Evangelical Church: In the wake of banning refugees, what do you believe?

If you spent your teens years in an evangelical youth group, you know about the 10/40 window. As I have very poor spacial awareness, maps and globes never meant much to me, but I knew that the box between 10 and 40 degrees north of the equator with huge amounts of poverty and no access to Jesus. At least, that is what I learned when I was being implored to pray for these people. And I did pray for these people.

In stadiums full of other kids learning about Jesus and just how sold out we had to be for him, I learned about muslim countries and how going there for Jesus might just be the death of us. I learned we should do it anyway. I was told that the gospel was worth my life, that Jesus may call me into dangerous places. I was told that I should follow Jesus no matter the cost. I pledged that I would and I meant it.

I went to college and majored in English education so that I would have a skill to rely on and a good cover to get into countries closed to christians. I joined bible studies that also had a 10/40 bent. I heard stories of people praying on the sly in restaurants while pretending they were commenting on the pictures on the walls. I read emails and updates where everyone’s names had been changed to the names of candy bars and I spent weeks and months faithfully praying for “Kit Kat” and “Reese Cup” to know the grace of God.

I was told that God could and would change the hearts of these people, if we were only willing to follow Jesus no matter the cost, God promised that it would be worth it. God would make a way when there seeme to be  no way.  I believed it. I still do.

The same churches that taught me to love my global muslim neighbors as myself, before myself, are the same churches who categorically voted for a president who has made good on the campaign promise of a muslim ban. He said he would ban muslims from entering this country and he has. Many who sent me to my knees, weeping on behalf of the 10/40 window are complicit in sending those same people to die in the very places we begged God for access to.

The muslim people that we knew only God could reach are in our airports, and the church is complicit in turning them away. You asked me to give my life. You told me it would be worth it eternally, and now you cry SAFETRY FIRST to mostly women and children who are desperately looking for safety.

The same church that told me that people were dying eternally damned because no one was willing to risk their life to tell these people about Jesus, is the same church that is telling me it isn’t safe for these women and children to be in our neighborhoods. I thought following Jesus was worth the risk.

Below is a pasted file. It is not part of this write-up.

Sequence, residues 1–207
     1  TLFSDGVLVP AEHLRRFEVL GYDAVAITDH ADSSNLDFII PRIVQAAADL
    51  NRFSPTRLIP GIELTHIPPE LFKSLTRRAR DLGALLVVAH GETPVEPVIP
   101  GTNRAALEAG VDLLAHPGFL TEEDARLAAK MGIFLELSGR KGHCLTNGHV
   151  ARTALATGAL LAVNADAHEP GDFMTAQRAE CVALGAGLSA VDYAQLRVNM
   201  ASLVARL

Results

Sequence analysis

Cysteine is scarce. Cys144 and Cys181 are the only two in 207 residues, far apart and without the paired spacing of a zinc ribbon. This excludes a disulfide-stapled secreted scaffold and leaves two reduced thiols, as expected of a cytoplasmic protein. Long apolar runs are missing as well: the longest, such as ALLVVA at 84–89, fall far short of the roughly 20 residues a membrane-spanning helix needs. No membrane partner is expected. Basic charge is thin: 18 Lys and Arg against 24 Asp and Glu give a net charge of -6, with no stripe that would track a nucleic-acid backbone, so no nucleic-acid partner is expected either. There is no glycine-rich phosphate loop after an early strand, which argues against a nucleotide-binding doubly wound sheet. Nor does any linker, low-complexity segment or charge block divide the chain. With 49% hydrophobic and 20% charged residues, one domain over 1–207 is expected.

You wonder why the millenials, even those raised in your churches, are exiting your pews en masse. It isn’t because we didn’t believe what you were saying. It is because we did. We believed you. You said, go do something dangerous for God and we said YES! But when it was your turn to welcome these people you said it was too  dangerous. We still want a Jesus who is worth following no matter the cost.

The evangelical church told us that souls were on the line, that eternal life was at stake. But the evangelical church was willing to elect a president who staked his claim on banning muslims. The church voted for that. You with your big T Truth and your make Godly choices, you decided that refugee banning was worth it.

My theology has moved quite a bit since those days. I am now a proud member of a mainline liberal congregation. I go to a liberal seminary and find my current beliefs well represented there.

But I will never forget my theological mother tongue. I know the evangelical message well. It introduced me to God and the power of Jesus Christ, and for that I will always be grateful.

As a daughter of the evangelical church I am asking: What do you really believe? If you really believe that anyone who hasn’t accepted Jesus Christ as their savior is eternally damned, wouldn’t you demand that any muslim who wants to can come in? Wouldn’t it be worth whatever risk there may be for the chance to introduce this muslim to Jesus?  This is what you told me. I believed it. My question now is, do you?






Not My Business

I talk about this instance a lot. Like, a lot. The one time I preached, I talked about it and that is the piece of the sermon that most often people tell me stuck with them. That not my business is such a hard lesson for me to learn.

“Mommy, that not you business.”

I think this was the most important thing anyone has ever said to me. It was said to me by a child who could not yet use the potty on her own. It was said to me from a five-point harness I had to buckle, because her tiny thumbs didn’t work well.

“Mommy, that not you business.”